Call Me Hardy

by Hardy Jones

I was named after Dad. Hardy Sims Jones, Jr.: two little letters and a period are not much to make my own. In my youth, I accused my parents of being lazy and not taking the time to think of an original name for me, to which Mom explained that when I was born they still had not decided on a name, and when the hospital worker asked her what she wanted to name her baby, she chose Dad's name because he was fifty-five, Mom was thirty-seven, and she knew he would not have any more children.

Mom claimed her family was part Cheyenne and Dad claimed Cherokee in his ancestry, so when I was ten years old I concluded that a Native American name would be appropriate for me. At the time I had golden blonde hair, not the most stereotypical Indian trait, but Mom always pointed my high cheekbones and said, "That's the Indian in you."

At that time the only Native American names I knew were Geronimo, Sitting Bull, Crazy Horse, and already having another man's name, I didn't want one of theirs. I liked the names that incorporated animals, and my two best friends at the time were our Pal and Mountie, our German Shepherd and Malamute. So I thought of names that used the word dog: Fighting Dog, Running Dog, Sitting Dog, Plays with Dogs, Hunts with Dogs.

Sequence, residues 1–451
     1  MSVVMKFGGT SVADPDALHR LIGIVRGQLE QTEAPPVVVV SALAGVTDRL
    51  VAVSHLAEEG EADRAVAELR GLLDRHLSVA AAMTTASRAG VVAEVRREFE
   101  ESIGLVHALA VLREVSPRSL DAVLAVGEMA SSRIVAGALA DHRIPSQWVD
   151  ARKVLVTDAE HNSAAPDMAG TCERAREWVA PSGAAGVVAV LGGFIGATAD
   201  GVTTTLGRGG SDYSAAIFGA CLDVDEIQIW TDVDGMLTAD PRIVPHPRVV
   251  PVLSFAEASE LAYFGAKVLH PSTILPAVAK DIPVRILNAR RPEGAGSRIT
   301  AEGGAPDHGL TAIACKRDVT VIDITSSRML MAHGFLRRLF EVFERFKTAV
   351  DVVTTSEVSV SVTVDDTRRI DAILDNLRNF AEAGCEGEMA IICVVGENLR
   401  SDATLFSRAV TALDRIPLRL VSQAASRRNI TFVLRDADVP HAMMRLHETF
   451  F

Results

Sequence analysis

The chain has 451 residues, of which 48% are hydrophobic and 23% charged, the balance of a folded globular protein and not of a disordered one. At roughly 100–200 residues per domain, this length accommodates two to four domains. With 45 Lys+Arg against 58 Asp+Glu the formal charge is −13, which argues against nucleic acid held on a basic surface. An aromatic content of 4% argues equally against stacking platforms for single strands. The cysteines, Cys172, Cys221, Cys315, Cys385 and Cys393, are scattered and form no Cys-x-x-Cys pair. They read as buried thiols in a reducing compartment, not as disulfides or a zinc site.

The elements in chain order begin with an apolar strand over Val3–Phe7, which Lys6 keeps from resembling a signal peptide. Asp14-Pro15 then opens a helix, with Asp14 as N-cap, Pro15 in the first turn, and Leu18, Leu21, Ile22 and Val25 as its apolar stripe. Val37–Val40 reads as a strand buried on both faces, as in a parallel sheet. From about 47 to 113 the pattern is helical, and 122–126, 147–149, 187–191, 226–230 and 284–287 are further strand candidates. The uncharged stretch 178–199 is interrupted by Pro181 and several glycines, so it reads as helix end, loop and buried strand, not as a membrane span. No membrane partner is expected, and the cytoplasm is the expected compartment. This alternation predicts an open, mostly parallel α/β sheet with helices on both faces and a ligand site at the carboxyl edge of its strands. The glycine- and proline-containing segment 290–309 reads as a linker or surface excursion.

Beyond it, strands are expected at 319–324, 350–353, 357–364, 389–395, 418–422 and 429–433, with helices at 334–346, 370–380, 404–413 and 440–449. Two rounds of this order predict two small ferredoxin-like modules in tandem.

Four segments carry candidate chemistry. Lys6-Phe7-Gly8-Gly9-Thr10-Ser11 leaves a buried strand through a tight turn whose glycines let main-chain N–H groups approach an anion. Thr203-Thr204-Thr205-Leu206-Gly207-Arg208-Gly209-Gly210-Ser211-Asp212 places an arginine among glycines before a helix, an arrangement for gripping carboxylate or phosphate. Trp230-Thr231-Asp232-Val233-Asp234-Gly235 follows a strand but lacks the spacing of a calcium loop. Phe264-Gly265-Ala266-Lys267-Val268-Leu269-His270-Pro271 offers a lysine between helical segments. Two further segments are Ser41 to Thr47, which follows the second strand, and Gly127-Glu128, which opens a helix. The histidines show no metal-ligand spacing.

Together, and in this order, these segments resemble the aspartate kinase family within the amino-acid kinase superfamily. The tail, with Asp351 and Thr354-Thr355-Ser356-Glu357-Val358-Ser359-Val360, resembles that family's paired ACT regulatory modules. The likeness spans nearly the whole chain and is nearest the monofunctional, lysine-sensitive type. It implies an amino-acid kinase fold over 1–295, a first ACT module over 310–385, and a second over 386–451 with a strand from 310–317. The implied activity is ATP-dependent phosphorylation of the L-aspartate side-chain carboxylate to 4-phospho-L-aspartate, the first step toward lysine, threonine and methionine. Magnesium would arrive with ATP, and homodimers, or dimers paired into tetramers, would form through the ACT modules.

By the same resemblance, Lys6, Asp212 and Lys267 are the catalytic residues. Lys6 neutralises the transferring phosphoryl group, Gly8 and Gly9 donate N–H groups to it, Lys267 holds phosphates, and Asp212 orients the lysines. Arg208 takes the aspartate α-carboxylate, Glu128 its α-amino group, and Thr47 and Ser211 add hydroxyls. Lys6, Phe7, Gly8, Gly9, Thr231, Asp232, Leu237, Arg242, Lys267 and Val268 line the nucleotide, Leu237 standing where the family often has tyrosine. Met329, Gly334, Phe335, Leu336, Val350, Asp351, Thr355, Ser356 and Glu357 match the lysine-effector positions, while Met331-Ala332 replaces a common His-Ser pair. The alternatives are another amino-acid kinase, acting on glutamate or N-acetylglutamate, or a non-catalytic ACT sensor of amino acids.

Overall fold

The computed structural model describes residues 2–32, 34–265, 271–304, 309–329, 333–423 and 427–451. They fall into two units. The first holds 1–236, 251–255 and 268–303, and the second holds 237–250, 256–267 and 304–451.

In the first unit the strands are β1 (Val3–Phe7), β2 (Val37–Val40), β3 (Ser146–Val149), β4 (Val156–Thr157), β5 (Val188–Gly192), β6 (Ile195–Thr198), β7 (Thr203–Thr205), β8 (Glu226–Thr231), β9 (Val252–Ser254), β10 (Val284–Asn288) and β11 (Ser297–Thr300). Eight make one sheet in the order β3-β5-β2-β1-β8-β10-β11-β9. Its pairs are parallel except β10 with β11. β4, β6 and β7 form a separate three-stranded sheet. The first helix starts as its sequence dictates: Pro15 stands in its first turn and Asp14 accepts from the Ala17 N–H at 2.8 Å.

Yes, Hunts with Dogs. Behind our house was a small bit of forest that separated our place from the rest of the Osceola subdivision, and here was where I hunted with Pal and Mountie. Did I hunt deer, elk, bear, javelinas? No. My prey of choice were large wood rats that lived in underground nests, and Mountie, with his large paws that worked like a dredge line, dug up the rats' nest, while Pal pounced on the escapees. Hunting rats does not sound heroic, but Dad raised game birds and the rats cut into his profits by eating eggs and the chicks. So I "heroically" did my share to save the family business some money.

A few days after I began calling myself Hunts with Dogs, Dad called me Hardy.

"I'm Hunts with Dogs." I tried to remain as stoic as the Native Americans I'd seen in movies.

"What the hell you talking about, boy?"

"My Indian name is Hunts with Dogs."